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Carot One Titta Earbuds Review
In Appreciation of the Harbeth Compact 7 ES-3
RHA MA750i In Ear Headphones Review
Thiel TM3 Loudspeaker Review
Reviewed: MusicScope Analysis Software by Xivero
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Monday, 10 November 2003 ,  Written by Scott Selter
Audio Products International Corp. (API) has just announced their entry into the video game and computer industry. The SPHEREX 5.1 multimedia audio platform was designed to set “the reference standard for video game audio recording and playback” according to API’s spokesperson Alex Romanov. In making this announcement, Alex Romanov, API’s Director of New Business Development stated “Over the past 20 years, the video and computer game industry has revolutionized entertainment, creating a $12 billion industry in North America with Microsoft’s XBOX and Sony’s PlayStation driving the market.” API’s “Virtual World” looking 5.1 system consists of 5 identical satellite speakers and a 100 Watt powered 8” Subwoofer. It is also designed to directly connect to Microsoft and Sony game consoles as well as all other media sources.
Friday, 07 November 2003 ,  Written by Scott Selter
Bose Corporation has filed suit in the United States Patent and Trademark Office to cancel CEDIA’s four federal trademark registrations for its mark “Electronic Lifestyles®.” CEDIA began using “Electronic Lifestyles” in 1995 in connection with the association’s non-profit activities. In 1998 and 1999, CEDIA received four federal trademark registrations for “Electronic Lifestyles.” Bose, which is a CEDIA member, markets a line of loudspeakers known as “Lifestyle®.” In its suit, Bose claims that CEDIA’s “Electronic Lifestyles” trademark so resembles Bose’s “Lifestyle” trademark as to cause confusion. CEDIA denies that confusion exists or is likely, and CEDIA is defending the proceeding vigorously.
Thursday, 06 November 2003 ,  Written by Scott Selter
Two of the big five major record labels, Sony Music and BMG, agreed to join forces. The two companies will reportedly keep their autonomy sharing their power 50-50 but now have the opportunity to compete with Universal Music Group to become the largest record company in the world. The Sony-BMG merger comes as two suitors are hunting down another juicy target in Warner Music (WEA). EMI reportedly is close to submitting a 1 billion dollar offer for the vast WEA operation while billionaire movie producer Haim Saban and former Seagram chairman, Edgar Bronfman Jr. are also reportedly tendering a similar offer. TimeWarner (they officially dumped the AOL from their name a few weeks ago) has made no secret about their desire to sell off elements of their business that are not making money right now. This includes their music operations and possibly even their sports franchises. Earlier in the year TimeWarner sold off their ...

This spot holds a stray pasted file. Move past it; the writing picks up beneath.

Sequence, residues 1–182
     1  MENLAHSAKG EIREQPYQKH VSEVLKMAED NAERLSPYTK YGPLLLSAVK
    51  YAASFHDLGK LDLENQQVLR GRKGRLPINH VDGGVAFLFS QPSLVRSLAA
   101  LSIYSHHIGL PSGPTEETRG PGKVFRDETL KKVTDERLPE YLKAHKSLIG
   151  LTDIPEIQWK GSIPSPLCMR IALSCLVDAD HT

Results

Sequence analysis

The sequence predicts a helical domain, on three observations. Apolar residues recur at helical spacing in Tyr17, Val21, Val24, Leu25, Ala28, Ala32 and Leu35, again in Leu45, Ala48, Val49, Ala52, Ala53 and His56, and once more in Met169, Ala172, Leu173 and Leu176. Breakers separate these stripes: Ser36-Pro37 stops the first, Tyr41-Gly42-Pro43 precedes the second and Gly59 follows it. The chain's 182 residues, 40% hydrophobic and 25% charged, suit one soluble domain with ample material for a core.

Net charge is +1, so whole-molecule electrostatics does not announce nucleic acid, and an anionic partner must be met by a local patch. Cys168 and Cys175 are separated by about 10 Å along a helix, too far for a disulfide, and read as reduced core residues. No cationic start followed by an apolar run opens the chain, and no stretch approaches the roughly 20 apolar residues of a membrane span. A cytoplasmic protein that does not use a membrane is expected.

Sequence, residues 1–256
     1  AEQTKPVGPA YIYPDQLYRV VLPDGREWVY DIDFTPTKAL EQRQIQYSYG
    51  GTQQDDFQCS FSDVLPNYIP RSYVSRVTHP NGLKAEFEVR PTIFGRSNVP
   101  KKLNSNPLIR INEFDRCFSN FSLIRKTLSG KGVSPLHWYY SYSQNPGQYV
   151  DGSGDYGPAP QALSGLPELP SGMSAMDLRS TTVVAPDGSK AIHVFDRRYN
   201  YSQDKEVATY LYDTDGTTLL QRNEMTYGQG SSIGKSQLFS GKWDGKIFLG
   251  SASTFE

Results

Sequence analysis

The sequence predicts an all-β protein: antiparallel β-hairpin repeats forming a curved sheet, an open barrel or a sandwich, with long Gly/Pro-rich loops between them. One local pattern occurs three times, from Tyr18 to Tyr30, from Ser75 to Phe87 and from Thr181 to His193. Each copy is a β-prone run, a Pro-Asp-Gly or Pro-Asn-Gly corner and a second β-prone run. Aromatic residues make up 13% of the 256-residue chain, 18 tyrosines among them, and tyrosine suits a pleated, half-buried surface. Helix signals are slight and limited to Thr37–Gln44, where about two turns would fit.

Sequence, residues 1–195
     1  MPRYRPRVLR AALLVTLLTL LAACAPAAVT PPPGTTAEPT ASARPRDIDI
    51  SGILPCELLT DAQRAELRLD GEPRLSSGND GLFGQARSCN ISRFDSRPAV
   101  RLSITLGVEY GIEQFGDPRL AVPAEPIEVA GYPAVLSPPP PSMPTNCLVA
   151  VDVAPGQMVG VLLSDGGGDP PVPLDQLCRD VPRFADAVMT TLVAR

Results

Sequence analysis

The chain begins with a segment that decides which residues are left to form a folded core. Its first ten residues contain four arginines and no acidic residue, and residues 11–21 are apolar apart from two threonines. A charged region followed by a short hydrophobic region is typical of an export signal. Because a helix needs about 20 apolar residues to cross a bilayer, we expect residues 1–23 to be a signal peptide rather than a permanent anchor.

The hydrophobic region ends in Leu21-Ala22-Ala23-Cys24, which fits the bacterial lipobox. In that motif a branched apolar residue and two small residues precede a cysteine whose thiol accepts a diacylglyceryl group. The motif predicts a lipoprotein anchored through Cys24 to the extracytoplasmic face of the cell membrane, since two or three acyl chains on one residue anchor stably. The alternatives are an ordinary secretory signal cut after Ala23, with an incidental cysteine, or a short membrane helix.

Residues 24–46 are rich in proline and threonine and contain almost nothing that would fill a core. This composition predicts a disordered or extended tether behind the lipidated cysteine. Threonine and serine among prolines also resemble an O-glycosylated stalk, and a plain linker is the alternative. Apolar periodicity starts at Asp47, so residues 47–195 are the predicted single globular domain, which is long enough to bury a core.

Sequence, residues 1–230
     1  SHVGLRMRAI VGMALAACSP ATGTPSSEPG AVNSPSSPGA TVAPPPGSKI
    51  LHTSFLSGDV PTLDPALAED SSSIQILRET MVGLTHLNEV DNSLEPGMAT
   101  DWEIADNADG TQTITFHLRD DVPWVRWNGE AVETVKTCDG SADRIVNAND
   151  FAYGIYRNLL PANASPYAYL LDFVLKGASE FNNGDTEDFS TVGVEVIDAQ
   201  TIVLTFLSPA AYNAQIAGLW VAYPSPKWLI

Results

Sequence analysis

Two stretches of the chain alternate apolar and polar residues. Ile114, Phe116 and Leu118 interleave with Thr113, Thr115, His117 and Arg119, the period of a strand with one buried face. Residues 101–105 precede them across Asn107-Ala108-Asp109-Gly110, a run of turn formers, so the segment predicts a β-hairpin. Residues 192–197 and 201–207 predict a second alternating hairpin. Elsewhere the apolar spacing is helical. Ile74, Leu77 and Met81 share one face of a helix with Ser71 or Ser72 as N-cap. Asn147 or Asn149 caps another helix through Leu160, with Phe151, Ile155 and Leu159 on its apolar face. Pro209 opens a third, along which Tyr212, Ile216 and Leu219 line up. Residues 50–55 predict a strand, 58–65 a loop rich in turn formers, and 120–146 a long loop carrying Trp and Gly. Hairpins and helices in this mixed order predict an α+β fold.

Tuesday, 28 October 2003 ,  Written by Jerry Del Colliano
The U.S. Court of Appeals for the District of Columbia Circuit denied a petition for review of the Federal Communication Commission’s tuner order in a 20-page ruling issued today. FCC Chairman Michael K. Powell issued the following statement: “We’re on track to have most television sets digital-ready by 2007. This will ensure that consumers are able to enjoy high-quality digital broadcast programming without the hassle and expense of hooking up a separate set-top box. We’re pleased that the court has upheld a key component of our digital television transition plan.” CEA chairman Gary Shapiro was less jubilant saying “We obviously are disappointed by the DC Circuit Court of Appeals ruling, which we are still studying. We will be reviewing the full opinion and consulting with our member companies, but of course will be compliant with any final court order.
Tuesday, 28 October 2003 ,  Written by Scott Selter
DTV sales continue to boom despite a prolonged U.S. recession and worldwide economic problems. Marking the highest one-month total for digital television (DTV) product sales, the Consumer Electronics Association (CEA) today issued factory-to-dealer sales figures for September totaling 530,656 units and $791,487,344. "These figures not only top the sales charts - they're off the charts," said CEA President and CEO Gary Shapiro. "We've clearly reached the mass market point for DTV, particularly high-definition television (HDTV) products, which account for 87 percent of the sales total. "If you look at CEA's sales figures since product introduction in the fourth quarter of 1998, you see that we've had steadily stronger sales months throughout the DTV transition. But September 2003 marks a new realm in terms of DTV adoption and momentum. The consumer survey we released last month at our Industry Forum revealed that nine million households would be purchasing HDTV over the next 18 months. That fact already ...
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